A farmer's perspective

Declan Allison

09 December 2016

East Antrim farmer, Robyn Hamilton, describes some of the difficulties farmers are facing.

“We produce beef, diary and about 40 sheep. You need good silage to have good production of milk.

“We have two full-time jobs plus the farm. Ground rent is up. A lot of farmers are at the stage of just quitting and not farming themselves but renting their ground, because then they get their ground rent.

“I don’t think anyone really knows what will happen if grants are cut after Brexit. Climate change is a problem too. The weather isn’t on our side. Crop producers are completely reliant on the weather. Some farmers have lost a lot of potatoes.  A lot of people are talking about it now.

“We’re only milking 40, maybe 50. We’re getting about 20p per litre, that’s high. We’d need about 25p to break even. How much it costs us depends on if you have your own ground and silage.  The meal’s gone up again in price. That’s not including vet’s bills or dosing.

“Better prices would make it possible to make a living. The earlier we can get lambs away the better money we can get, but everyone’s in the same boat, trying to sell early.

“A lot of farmers have taken a risk going big, and put in big dairies and now milk prices have gone down. That’s a lot for the bank to own. We’re just sitting holding on.

“We’re being encouraged to keep more animals, but more animals means more of everything - more cost price, more housing, more slats, more tanks for slurry.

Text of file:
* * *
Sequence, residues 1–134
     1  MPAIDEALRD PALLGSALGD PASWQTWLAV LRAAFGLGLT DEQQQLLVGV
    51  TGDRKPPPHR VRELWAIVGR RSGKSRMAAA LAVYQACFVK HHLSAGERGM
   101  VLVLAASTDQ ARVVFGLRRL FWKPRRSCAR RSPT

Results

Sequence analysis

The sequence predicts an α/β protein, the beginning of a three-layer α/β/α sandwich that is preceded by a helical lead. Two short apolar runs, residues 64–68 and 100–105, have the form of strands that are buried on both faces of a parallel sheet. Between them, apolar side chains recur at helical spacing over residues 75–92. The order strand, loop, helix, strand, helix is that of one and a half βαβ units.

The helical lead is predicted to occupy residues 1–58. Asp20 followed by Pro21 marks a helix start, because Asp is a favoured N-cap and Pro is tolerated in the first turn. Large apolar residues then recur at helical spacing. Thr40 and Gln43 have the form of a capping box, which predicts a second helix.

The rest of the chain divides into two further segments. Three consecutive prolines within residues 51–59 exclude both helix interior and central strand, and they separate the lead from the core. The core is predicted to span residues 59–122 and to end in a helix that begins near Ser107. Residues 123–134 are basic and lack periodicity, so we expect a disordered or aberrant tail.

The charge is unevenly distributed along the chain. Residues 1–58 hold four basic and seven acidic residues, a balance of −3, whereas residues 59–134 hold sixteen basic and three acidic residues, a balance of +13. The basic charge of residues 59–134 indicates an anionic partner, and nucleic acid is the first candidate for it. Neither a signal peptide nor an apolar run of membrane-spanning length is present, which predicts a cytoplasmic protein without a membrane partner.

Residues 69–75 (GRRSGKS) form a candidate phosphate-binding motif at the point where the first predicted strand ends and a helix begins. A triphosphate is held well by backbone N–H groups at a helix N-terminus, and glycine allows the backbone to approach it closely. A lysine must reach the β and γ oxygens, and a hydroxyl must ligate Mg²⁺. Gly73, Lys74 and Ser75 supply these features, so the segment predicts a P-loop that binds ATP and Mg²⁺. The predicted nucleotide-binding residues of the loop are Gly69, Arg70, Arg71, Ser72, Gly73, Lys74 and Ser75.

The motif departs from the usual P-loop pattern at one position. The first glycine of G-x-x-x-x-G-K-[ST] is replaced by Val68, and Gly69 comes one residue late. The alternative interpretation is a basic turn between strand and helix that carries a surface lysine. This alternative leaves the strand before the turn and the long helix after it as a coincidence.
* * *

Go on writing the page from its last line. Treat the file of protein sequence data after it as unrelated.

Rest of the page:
“If there was money in milking, if we could get a decent price one of us could leave work and farm full-time. That’s ideally what we’d like. We’re struggling. We couldn’t afford to leave work to come home because it’s not breaking even. A lot of our wages goes on the farm. Where’s it going to be when our son is our age? I’d love him to be able to farm if there was an option for it.

“Someone somewhere is making money, but it’s not the producers at the bottom. The costs are passed down and we take the blame.

“The UFU is helping the big farmers but not the small farmers. Anyone going big is going to be flooding out the small farmers. Support for the little farmers, the average farmers? Probably not.

“No farmer expects a big wage, but it would be nice to keep going, to cover your costs at least. Someone wouldn’t go to an average job for a week to come home with no wage. It’s for the love of the animals.”